The 2005 TI:ME Teacher of the Year is Amy Burns. She is a graduate of Ithaca College and completed her master’s work at Central Connecticut State University in 2005. Her teaching career has been in New Jersey and at the Far Hills Country Day School since 1997. She teaches general music to Pre-Kindergarten to Grade Five. She is the founder and director of the school orchestra, the FHCDS Philharmonic and the Far Hills Conservatory, where she supervises private lessons. In addition to being certified Level 1 & 2 by TI:ME she is also recognized with an Orff-Schulwerk Level 1.
A frequent contributor to “The TI:MEs”, the newsletter of the Technology Institute for Music Educators, Amy has been active in the SummerTI:ME classroom working with TI:ME classes at Temple University. She has presented at the NJAIS, MENC, PMEA, NJMEA, TMEA and MMEA Conferences. Recently she authored an article for Music Education Technology (MET) magazine and contributed her thoughts to the IMHO section of ti-me.org. Her most distinguishing and outstanding feature is how she creatively weaves everything together into the instruction of students in the classroom. She learns from her own curiosity and experimentation to improve on the successes. She received the highly competitive Faculty Technology Award in recognition of her leadership, creative application and classroom integration of technology. The school’s computer experts and beginners alike seek her technical prowess and enthusiastic support. Each day more than 100 students between the ages of three and nine learn to sing, read music and play. Using technology or traditional instruments, she makes a difference in the school’s musical environment. A team player, she is working every day to improve music education for her students and encouraging and mentoring her colleagues. Amy Burns is a champion for Music Technology, a dedicated music educator and the 2005 TI:ME Teacher of the Year. An update to her biography is available as a PDF file here.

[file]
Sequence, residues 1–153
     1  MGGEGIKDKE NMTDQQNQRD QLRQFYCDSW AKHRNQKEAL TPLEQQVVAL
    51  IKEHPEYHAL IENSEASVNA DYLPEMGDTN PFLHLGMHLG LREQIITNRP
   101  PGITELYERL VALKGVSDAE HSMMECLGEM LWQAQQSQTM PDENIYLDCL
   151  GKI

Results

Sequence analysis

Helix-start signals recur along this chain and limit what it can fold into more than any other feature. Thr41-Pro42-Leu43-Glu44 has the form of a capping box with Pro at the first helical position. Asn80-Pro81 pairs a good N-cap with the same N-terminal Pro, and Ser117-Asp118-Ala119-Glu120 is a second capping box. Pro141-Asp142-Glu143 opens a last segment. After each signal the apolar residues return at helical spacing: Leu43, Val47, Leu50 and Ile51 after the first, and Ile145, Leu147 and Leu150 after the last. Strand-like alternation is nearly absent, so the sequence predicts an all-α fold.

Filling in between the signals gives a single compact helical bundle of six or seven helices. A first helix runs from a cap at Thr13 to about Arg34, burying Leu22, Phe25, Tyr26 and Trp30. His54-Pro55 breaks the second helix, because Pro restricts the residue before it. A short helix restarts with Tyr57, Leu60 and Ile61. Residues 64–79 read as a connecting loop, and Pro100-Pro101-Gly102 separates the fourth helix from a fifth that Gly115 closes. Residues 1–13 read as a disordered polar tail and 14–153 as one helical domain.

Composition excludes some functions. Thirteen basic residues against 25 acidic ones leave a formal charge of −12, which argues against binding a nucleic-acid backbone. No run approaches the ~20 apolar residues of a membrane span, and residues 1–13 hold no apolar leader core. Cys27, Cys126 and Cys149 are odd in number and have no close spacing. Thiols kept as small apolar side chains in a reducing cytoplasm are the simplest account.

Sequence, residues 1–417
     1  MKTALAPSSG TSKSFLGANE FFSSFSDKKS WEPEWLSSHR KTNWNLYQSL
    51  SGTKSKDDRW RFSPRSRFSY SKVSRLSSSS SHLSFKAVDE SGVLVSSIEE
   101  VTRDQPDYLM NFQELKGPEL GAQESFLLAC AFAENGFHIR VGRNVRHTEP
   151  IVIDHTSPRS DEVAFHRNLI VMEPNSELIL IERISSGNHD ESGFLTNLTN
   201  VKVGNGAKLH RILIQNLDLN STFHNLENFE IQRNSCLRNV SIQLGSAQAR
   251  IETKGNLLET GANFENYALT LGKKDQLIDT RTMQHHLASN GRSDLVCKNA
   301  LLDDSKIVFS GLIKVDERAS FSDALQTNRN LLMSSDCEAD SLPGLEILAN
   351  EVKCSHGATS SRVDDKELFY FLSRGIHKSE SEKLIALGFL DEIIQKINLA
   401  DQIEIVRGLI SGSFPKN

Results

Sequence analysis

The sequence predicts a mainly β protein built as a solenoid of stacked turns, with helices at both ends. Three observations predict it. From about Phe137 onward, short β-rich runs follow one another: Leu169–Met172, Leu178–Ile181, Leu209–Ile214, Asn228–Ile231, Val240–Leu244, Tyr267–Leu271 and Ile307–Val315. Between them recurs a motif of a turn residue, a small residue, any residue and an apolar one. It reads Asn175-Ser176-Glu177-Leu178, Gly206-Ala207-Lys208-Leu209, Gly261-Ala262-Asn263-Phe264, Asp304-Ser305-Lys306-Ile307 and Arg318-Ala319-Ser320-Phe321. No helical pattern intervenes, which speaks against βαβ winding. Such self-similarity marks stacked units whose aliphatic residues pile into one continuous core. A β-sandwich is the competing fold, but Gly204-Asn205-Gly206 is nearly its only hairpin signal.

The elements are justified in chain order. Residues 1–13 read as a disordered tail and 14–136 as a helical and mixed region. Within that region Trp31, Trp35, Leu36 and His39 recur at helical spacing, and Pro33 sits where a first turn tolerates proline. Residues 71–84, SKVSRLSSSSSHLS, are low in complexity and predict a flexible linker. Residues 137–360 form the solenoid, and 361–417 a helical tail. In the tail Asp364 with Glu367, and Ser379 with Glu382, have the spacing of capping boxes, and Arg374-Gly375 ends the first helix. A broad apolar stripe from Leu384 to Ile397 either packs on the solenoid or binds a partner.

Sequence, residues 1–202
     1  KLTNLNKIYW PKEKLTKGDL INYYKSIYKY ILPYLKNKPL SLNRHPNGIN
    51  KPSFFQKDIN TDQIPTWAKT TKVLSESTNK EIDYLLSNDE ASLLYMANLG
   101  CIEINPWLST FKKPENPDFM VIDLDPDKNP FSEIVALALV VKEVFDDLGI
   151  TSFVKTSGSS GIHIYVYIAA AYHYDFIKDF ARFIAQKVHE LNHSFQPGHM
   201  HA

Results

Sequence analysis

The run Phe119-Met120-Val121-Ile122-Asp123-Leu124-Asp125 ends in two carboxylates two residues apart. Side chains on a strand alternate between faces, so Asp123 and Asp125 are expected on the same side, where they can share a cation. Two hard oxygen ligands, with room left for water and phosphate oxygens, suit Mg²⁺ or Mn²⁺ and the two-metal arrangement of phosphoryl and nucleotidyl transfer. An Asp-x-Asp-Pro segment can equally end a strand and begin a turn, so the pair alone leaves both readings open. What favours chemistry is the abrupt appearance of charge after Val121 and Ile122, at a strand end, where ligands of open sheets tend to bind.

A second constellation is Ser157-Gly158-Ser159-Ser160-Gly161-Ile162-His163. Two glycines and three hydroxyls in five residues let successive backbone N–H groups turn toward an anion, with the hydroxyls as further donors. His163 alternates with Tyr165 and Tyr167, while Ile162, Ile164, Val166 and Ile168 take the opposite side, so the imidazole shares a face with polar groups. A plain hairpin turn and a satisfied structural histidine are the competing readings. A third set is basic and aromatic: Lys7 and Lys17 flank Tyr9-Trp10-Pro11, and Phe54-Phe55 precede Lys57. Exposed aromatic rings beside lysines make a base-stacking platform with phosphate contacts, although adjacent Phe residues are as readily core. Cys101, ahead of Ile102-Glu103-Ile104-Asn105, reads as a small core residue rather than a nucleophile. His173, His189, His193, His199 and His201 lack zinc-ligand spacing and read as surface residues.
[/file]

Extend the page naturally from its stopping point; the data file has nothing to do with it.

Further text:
A Note from Amy Burns on how the TI:ME Teacher of the Year 2005 has enhanced her professional life:
I am thankful to the Technology Institute of Music Educators (TI:ME) for honoring me with the 2005 Teacher of the Year Award. This award has opened doors for me that I would have never thought possible when I graduated from Ithaca College in 1995. I have thoroughly enjoyed authoring articles, lesson plans, and presenting at various state and national conferences. One of the best experiences I had this year was meeting many other music teachers who are interested, and at the same time a little fearful, of implementing technology into their music classrooms. It was wonderful to see those teachers become aware of just how easy it is to enhance their music lessons with technology. The fact that more of these music teachers are attending TI:ME conferences, reading TI:ME articles, or just visiting TI:ME’s website, signifies that technology will be a constant tool in the music classroom. I am thrilled that TI:ME has given me the opportunity to contribute to this and assist music teachers with that ever-so-cautious leap into the world of music technology. I am excited to see what this future holds for my own elementary students at Far Hills Country Day School and what it holds for TI:ME.
Photos of Amy Burns receiving the Teacher of the Year award from TI:ME Executive Director, John Dunphy